Current content distribution architectures are extensively based on a paradigm rooted in classical, linear, broadcast services. Whilst this helped transform the industry, allowing it to manage the transition from analogue to digital broadcast content distribution, it leaves content providers and broadcast network operators wondering today how they can remain relevant in the age of Web and Internet streaming. The presentation will introduce a new paradigm for designing content distribution systems and the resulting system architectures for a next generation broadcast quality OTT live and on demand streaming experience. This new model allows for unified content distribution architectures, spanning Internet streaming, IPTV, 5G, and the latest ATSC and DVB physical layers allowing for an efficient, IP-based delivery of linear content to thin clients.
Despite its novelty, the new approach builds on existing technologies, and recognized, well-established standards, extended with software-based OTT streaming technologies as necessary. In fact, only very little “glue” was needed in devising the new architecture; we call it OTT Broadcast (OTT-B). It reduces development costs, speeds up product roll-out and ensures in-home reception on all devices as part of the “glue” in an elegant, light-weight solution, which will be demonstrated. The development team behind OTT-B primarily defines and communicates requirements, orchestrates work in other organizations, and develops Open Source “glue technologies” and conformance tools to all interested parties. The latest addition to the architecture uses HTTP/3 with QUIC - a packet-based Internet standard for reliable, secure and fast networks. The architecture will utilize QUIC to achieve context-aware and scalable content delivery strategy, suitable for highly varying network conditions by automatically switching between traditional unicast mode of delivery and highly scalable QUIC multicast.
The addition to OTT-B architecture is the result of a joint project with Aalborg University of Copenhagen carried out be engineering students and supervised by the main author of this presentation and an associate professor from the university. The project builds on top of BBC R&D department research and the technology of: "Scalable Internet broadcasting using multicast QUIC", they open-sourced, to provide an overview of the architecture and a working prototype within OTT-B. In addition to presenting this new architecture, the presentation will include results from the ongoing field trials in Denmark with OTT-B using ATSC3.0, DVB-T2 GSE and 5G as the physical layers.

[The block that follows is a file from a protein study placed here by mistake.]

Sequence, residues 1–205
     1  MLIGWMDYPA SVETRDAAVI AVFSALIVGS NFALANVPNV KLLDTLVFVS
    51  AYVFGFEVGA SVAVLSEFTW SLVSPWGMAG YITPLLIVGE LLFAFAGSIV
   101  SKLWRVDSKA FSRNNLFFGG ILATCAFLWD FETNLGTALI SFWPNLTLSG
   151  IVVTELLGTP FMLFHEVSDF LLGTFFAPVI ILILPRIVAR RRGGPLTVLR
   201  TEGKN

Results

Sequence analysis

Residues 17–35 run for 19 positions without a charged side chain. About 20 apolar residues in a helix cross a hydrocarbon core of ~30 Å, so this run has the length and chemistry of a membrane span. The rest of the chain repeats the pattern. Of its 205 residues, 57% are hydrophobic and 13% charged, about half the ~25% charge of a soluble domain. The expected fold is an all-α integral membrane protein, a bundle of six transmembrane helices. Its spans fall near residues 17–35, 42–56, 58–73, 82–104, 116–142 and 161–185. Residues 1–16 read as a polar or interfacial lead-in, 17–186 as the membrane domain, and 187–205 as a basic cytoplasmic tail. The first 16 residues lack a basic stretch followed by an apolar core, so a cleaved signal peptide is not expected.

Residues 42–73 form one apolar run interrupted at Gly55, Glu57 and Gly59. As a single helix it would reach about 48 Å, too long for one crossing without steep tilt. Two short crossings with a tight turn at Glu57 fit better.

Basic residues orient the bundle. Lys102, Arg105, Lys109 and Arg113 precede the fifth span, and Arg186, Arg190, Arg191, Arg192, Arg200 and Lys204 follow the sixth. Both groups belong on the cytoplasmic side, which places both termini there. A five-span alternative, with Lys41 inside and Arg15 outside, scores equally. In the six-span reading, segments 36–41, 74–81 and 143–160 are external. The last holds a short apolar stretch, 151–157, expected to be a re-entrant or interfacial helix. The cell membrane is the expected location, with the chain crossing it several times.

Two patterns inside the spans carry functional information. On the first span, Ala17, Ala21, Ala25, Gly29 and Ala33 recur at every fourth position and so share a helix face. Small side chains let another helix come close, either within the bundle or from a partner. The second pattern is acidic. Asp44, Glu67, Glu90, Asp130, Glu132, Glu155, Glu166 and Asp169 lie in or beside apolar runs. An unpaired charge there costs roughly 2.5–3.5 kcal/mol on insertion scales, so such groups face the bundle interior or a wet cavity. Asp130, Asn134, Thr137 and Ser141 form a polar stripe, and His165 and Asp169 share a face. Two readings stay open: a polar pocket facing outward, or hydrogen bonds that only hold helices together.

Technical Depth of Presentation
It will be a top down presentation starting with the problem domain, the main reasons for the choices / what it tries to solve and ending in describing the details of the prototype and the results of the trial in Copenhagen. In short, the presentation will start with the fundamentals, move to the advanced terms (potentially beyond state-of-the-art) and end with results anyone in the business should be able to relate to.
What Attendees will Benefit Most from this Presentation
We always try to make our presentations in a way for all of the audience to get something to take home. The presentation will focus quite a lot on the architectural decisions, yet using words that both C-Suite Executives and Engineers can understand. In our daily life we work both with MBAs and engineers, and we have attended the annual SMPTE a couple of times earlier, so we do honestly believe all of the audience will find the presentation interesting and inspirational.
Take-Aways from this Presentation
- Service unification is the convergence that already happens in the cloud at the service layer, bridging the gap between broadcast, telco and OTT technologies
- The use of multicast and unicast ABR using HTTP/3 with QUIC and TLS1.3 can be the answer to the problem of proprietary CA/DRM technologies to prevent piracy, the use of multi-CDN strategies yet supporting multiple devices with a single URL
- What could SMPTE potentially learn from the ATSC3.0 trial in Copenhagen (a typical DVB country)